Serotonin (also known as 5-hydroxytryptamine or 5-HT) has an impact on every part of your body, from your emotions to your motor skills. It is a naturally occurring mood stabilizer and the hormone that aids digestion and sleeping. Serotonin also aids in reducing depression; regulating anxiety, happiness, and mood; and assists with memory, healthy sleeping patterns, sexual function, wound healing and bone health.
You feel happier, calmer, more focused, less worried and more emotionally stable when your serotonin levels are normal. This is why low levels of the hormone have been linked to depression and anxiety.
Symptoms of low serotonin
Serotonin levels in the blood should be between 101 and 283 nanograms per milliliter (ng/mL). A blood test may be required by your doctor to evaluate the level of serotonin in your blood. However, doctors often treat a person’s symptoms rather than measuring serotonin levels.
This is because factors other than blood serotonin, such as metabolism, serotonin receptor activity and hormones, can influence the body’s ability to process and utilise the hormone. The following are some of the most prevalent symptoms of serotonin deficiency:
Serotonin levels may be depleted as a result of depression caused by past life events, particularly chronic stress and trauma. As a result, serotonin depletion can both cause and be a symptom of depression.
2. Sleep irregularity
Serotonin aids in the regulation of the body’s internal clock, including the ability to fall asleep, stay asleep, enter REM sleep and wake up in the morning. Serotonin deficiency can cause chronic insomnia, atypical sleep patterns, chronic fatigue and vivid dreams.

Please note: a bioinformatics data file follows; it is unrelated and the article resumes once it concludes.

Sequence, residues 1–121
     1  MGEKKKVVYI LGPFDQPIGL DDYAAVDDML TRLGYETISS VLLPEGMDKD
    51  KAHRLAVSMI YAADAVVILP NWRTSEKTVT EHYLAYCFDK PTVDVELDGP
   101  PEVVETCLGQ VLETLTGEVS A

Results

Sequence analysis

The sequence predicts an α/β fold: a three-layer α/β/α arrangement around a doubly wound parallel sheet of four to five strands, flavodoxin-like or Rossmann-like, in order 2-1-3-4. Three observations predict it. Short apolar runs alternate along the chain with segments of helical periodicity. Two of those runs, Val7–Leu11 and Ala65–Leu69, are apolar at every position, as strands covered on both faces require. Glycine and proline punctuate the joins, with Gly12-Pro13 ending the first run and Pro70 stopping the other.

3. Chronic pain
Low serotonin levels can cause chronic pain because it changes how muscles function. It can also be significantly linked to fibromyalgia – a type of chronic pain that affects millions of people around the world on a daily basis.
4. Problems with memory or learning
Serotonin has been linked to memory and learning in some studies, therefore sudden memory problems could indicate a serotonin deficiency. Low levels of the hormone can also make it harder to concentrate, study and work due to other symptoms, such as sleep deprivation, depression and anxiety.
Anxiety, including obsessive-compulsive anxiety, can be a sign of low serotonin levels. Anxiety that appears to be unrelated to trauma or PTSD is frequently due to a serotonin imbalance. Chronic anxiety and stress can also deplete serotonin levels, creating a vicious cycle.
6. Problems with appetite
People with low serotonin levels may have issues with appetite and eating disorders. This can include overeating, undereating, or a combination of the two. Serotonin plays an important role in digestion and appetite
Causes of low serotonin
Doctors are often stumped when it comes to determining the source of serotonin deficiency. The ability of the body to produce or metabolise serotonin may be affected by inherited genetic disorders.
Hormonal shifts, such as those caused by starting or stopping hormone replacement therapy; menopause, pregnancy, or advancing age; lack of exposure to sunlight; poor nutrition and vitamin deficiency; certain drugs and medications, especially when used in excess or over a long period of time; and chronic stress are also all factors that may play a role.
Low serotonin levels can be caused by a variety of factors, but the most common are either a lack of the hormone or inefficient use of the serotonin you do have. In the first scenario, your body does not produce enough serotonin to maintain normal levels. The second scenario can happen if you don’t have enough serotonin receptors in your brain, or if the ones you do have aren’t working properly.